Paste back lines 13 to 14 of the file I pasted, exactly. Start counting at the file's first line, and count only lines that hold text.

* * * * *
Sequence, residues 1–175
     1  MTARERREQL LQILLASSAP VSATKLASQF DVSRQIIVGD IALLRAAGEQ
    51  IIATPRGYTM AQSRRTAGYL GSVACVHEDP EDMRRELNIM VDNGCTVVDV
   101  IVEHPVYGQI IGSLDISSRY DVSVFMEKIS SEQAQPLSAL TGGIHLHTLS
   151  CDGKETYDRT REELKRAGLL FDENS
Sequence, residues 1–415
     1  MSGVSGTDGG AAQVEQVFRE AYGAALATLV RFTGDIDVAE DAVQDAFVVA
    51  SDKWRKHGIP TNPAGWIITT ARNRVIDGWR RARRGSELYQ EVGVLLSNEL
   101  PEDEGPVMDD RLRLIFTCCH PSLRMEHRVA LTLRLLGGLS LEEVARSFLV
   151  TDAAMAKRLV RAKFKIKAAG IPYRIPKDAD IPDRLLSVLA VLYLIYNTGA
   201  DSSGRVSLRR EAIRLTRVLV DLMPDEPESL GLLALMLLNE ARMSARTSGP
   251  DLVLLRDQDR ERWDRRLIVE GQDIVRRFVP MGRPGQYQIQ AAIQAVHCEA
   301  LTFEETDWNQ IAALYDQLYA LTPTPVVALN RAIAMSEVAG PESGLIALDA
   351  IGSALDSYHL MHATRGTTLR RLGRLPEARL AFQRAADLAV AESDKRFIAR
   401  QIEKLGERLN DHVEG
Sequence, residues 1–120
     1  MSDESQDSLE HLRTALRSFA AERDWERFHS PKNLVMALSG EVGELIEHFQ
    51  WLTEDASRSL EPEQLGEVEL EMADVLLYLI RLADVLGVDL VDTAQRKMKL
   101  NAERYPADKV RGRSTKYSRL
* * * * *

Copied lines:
   301  LTFEETDWNQ IAALYDQLYA LTPTPVVALN RAIAMSEVAG PESGLIALDA
   351  IGSALDSYHL MHATRGTTLR RLGRLPEARL AFQRAADLAV AESDKRFIAR